When college students' parents divorce
Divorce is a difficult thing for any person to go through. Many people think about children whose parents are divorcing—
but what if the children are adults themselves? Regardless of age, the divorce of one's parents is emotionally draining and very upsetting. Students in the throes of their parents' divorce may be contending with the following situations:
- The lost idea of home: Being able to go back home is an anchor for many college students. When parents divorce or separate, that home is completely changed, and a sense of not belonging anywhere can weigh heavily on these students.
- Anger and resentment: Adult children of divorce may feel resentment that they have to deal with a major family issue at a time when the next chapter of their own life is supposed to be starting. Anger at one or both parents for inflicting this situation can eat away at students if they don't get help dealing with these emotions.
- Guilt: If parents decide to divorce once their child has left for college, it's easy for that student to question "Did they stay together this whole time just for me?" This can lead to great feelings of guilt.
- Stuck in the middle: Unfortunately, divorcing couples with adult children often feel the need to use those children as mediators or confidantes. This puts a lot of unnecessary strain on the children, as it thrusts them into the middle of a situation they may want to be as far away from as possible.
- Negative conversations: Adults are more likely to be able to see the faults of their parents now than they would if they were young. This is especially painful when a parent uses their child to vent emotions about their spouse. There are certain lights that a child never wants to see their parent in, and when parents are divorcing the conversations can be overwhelmingly negative.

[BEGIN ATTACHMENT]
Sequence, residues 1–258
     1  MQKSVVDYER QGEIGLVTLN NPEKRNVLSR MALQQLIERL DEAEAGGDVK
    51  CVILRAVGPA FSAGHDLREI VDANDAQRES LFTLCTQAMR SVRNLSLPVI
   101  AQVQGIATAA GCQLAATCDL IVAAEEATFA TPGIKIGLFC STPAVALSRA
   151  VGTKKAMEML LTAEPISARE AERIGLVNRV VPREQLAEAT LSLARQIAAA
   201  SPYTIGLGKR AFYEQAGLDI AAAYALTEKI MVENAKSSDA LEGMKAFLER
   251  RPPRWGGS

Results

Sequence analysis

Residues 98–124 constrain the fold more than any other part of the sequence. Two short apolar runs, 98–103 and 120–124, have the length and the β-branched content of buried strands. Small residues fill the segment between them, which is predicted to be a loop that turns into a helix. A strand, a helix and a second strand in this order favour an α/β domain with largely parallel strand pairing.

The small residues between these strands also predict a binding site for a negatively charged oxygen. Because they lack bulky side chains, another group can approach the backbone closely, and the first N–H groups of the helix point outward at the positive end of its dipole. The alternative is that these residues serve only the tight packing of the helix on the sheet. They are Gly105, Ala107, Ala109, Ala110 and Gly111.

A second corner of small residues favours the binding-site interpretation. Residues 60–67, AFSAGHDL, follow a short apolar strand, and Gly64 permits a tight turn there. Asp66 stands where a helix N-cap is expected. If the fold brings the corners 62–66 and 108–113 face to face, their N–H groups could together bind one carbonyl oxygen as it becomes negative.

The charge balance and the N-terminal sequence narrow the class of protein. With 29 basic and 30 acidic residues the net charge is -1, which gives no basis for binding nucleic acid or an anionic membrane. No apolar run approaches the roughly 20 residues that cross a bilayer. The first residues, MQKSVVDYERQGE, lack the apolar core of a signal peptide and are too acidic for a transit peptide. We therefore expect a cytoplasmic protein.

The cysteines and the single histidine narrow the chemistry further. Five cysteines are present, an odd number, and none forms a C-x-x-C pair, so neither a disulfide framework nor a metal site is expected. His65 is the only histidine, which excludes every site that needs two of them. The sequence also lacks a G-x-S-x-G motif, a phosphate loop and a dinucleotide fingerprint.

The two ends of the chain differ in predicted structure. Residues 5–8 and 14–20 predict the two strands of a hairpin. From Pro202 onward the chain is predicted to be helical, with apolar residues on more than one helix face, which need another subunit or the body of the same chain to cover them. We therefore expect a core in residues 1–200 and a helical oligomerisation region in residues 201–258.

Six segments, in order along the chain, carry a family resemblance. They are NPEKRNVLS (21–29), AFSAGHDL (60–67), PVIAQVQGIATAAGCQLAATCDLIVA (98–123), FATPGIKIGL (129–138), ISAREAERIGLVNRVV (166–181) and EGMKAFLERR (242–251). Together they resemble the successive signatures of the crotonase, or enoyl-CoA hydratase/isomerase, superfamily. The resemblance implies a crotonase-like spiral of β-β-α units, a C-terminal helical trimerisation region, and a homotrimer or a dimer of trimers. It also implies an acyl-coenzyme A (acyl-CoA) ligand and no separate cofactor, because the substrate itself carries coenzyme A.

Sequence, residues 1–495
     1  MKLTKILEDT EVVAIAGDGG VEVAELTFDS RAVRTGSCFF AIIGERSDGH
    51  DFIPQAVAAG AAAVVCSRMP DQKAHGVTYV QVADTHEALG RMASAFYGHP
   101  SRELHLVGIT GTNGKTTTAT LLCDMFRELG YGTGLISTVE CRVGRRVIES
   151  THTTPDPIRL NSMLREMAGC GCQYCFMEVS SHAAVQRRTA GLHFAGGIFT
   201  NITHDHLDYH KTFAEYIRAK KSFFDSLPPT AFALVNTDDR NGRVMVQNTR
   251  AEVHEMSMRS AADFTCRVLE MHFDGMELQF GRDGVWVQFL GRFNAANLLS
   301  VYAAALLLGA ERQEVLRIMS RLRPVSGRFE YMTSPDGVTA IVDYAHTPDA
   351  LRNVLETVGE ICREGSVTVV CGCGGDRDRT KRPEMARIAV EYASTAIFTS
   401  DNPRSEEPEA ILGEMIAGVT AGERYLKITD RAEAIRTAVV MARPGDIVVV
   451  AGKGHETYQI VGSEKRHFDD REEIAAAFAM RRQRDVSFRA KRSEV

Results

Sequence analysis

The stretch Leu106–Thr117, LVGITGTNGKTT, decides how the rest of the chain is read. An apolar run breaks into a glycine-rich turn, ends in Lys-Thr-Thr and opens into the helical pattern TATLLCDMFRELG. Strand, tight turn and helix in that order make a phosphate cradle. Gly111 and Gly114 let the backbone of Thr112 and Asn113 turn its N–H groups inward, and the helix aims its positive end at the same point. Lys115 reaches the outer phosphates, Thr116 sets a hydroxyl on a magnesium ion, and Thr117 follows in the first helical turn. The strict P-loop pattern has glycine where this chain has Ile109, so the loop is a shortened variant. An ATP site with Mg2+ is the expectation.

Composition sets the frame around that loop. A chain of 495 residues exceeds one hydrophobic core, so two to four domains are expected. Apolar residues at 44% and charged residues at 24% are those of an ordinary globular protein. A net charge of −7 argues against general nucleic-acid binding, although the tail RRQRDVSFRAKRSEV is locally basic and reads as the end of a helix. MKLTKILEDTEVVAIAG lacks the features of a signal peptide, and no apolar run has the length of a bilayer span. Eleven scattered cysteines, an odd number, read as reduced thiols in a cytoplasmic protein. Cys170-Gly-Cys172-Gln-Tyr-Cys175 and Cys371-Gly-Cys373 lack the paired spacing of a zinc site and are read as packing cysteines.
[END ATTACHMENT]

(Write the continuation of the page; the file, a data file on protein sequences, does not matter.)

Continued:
- Financial concerns: What does a parental split mean in terms of tuition payments? A job? Financial aid? Summer internship or study abroad plans? Students may have to take on more financial burdens when their parents divorce and the impacts can be difficult to handle.
- Stress surrounding important milestones like graduation. Students may have to try to act as peacemakers for their parents, both of whom probably want to attend an event like graduation but who may not want to see each other. The student will probably worry about things like where the parents will sit, how they will split their time between each parent, and whether a fight will break out during what is supposed to be a happy occasion.
Facing parental divorce can be lonely, confusing, infuriating and sad, especially when it happens duringa student's time away at school. It can feel like the world as they knew it is shifting below their feet. You can help your student start dealing with the issues by encouraging her to see a campus counselor for further assistance. It's the first step in helping her get back on solid ground.